Earlier this year, climate scientists delivered a “final warning” as rising global temperatures and air pollution push the earth to a permanent level of damage that only immediate action can avert.
Scientist Rebellion, a group consisting of over 1,000 climate researchers, academics, and concerned citizens, is pleading with the public to get involved with the cause and advocate for policies that slow the earth’s state of overheating.
During the COP28 proceedings, Scientist Rebellion asked individuals to sign an open letter to governments, demanding they pay closer attention to the discoveries made by climate scientists and take preventative measures while they still can.
According to the Guardian, the letter had already been signed by more than 1,400 scientists and over 30 contributors to the Intergovernmental Panel on Climate Change (IPCC) as it emphasizes the gravity of the situation, highlighting the failures of national carbon-cutting policies. The list of signees includes Wolfgang Cramer, who was part of the team that created the sixth IPCC climate report.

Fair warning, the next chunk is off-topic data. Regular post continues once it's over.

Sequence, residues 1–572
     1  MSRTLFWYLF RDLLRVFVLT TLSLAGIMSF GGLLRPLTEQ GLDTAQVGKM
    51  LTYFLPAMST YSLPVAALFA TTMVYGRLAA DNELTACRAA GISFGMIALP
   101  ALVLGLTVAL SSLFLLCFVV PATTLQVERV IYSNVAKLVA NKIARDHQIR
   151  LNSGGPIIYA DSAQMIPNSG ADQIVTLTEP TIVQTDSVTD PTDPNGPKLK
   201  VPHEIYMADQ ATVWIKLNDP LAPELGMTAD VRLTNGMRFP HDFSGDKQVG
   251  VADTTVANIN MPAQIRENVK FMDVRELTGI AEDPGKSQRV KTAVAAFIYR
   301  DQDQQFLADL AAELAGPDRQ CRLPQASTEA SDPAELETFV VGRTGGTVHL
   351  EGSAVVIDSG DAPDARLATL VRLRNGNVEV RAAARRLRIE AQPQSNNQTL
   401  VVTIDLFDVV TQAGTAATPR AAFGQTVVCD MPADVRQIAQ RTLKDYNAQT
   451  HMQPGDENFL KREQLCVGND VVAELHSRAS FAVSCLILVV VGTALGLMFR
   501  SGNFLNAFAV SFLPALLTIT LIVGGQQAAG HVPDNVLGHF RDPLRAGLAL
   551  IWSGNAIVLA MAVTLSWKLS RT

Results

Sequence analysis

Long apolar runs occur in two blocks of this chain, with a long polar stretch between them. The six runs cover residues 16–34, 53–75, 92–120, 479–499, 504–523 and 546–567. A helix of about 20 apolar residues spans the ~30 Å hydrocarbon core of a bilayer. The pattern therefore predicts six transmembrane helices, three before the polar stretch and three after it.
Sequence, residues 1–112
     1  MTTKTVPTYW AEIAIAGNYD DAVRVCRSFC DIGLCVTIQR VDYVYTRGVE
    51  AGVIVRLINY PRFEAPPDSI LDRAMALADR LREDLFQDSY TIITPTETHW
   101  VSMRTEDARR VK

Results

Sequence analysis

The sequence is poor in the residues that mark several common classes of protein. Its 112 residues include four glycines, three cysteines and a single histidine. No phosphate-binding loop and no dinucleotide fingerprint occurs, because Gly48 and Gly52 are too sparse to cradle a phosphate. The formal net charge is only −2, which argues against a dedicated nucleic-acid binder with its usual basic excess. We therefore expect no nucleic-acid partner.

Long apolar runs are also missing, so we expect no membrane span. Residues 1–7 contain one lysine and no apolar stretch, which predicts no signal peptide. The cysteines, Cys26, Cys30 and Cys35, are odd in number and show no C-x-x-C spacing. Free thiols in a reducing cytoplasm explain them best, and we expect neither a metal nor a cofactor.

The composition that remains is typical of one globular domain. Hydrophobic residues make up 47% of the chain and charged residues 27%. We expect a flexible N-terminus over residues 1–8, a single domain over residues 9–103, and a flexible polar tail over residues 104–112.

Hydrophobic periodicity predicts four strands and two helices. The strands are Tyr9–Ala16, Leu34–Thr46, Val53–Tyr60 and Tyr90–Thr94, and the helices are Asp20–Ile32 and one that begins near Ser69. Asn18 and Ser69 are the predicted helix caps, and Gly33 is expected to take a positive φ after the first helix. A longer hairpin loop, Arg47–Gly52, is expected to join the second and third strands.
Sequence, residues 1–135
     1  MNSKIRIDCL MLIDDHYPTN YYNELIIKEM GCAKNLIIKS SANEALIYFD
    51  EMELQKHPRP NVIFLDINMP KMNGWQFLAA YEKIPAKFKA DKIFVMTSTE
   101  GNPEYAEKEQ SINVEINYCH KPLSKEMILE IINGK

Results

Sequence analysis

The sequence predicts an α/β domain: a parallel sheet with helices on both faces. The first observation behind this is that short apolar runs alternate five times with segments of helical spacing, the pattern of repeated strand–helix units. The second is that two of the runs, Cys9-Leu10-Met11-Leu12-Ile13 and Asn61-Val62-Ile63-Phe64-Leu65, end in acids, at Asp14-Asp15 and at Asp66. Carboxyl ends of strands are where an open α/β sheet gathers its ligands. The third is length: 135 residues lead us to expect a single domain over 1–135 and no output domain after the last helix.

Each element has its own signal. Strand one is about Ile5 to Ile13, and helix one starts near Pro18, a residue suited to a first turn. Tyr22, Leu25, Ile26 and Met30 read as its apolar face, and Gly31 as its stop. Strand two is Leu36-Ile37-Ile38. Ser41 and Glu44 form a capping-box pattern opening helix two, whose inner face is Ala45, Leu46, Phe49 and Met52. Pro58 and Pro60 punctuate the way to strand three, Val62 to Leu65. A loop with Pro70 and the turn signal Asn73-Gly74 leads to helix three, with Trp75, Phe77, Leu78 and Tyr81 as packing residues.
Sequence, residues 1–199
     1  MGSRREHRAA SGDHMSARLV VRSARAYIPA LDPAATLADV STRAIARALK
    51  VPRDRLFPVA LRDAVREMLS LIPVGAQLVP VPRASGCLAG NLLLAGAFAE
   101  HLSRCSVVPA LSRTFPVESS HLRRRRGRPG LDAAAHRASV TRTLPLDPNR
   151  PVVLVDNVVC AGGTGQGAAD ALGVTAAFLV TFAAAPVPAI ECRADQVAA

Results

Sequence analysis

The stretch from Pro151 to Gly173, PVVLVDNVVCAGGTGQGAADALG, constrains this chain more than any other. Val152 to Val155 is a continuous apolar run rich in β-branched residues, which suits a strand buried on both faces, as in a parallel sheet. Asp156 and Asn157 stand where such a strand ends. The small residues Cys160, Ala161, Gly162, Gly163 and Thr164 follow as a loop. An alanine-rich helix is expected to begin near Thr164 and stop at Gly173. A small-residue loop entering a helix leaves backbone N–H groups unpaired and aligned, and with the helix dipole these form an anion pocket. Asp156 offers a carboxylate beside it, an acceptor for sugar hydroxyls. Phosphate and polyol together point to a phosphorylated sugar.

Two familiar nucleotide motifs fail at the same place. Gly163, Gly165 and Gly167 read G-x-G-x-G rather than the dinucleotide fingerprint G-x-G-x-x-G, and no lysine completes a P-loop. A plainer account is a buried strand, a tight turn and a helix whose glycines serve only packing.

Current national policies are simply not enough, as the UN Environment Programme has said temperature increases could be double the limit set in the Paris Agreement, a pact that would aid in preventing some of the most disastrous impacts of climate breakdown, per the Guardian.
“We are terrified,” the letter calls to the public. “We need you.”
Why does policy advocacy matter?
As the Guardian notes, the Scientist Rebellion letter insists that if we continue on our current path, large areas of our planet will be uninhabitable, leading to millions of displaced populations, food insecurity, and intense political conflicts across the globe.
Carrying out proposed solutions requires society at large to become climate activists in order to overcome the interest of those who profit from the current state of affairs, such as the dirty energy industry, and push for policies that align with the Paris Agreement.
What can I do to help?
There are a multitude of steps we can all take to change the way we get involved with climate issues.
Voting for pro-climate candidates, donating money to climate causes, taking action locally, and even having meaningful conversations about the environment with coworkers, family, and friends are all small steps that anyone can take to start an immeasurably beneficial journey to help cool down the planet.
The letter calls for a shift from considering climate action as something done by others to a collective effort involving everyone. By joining or starting groups that push for regulations, we can all help secure a more sustainable, livable future.
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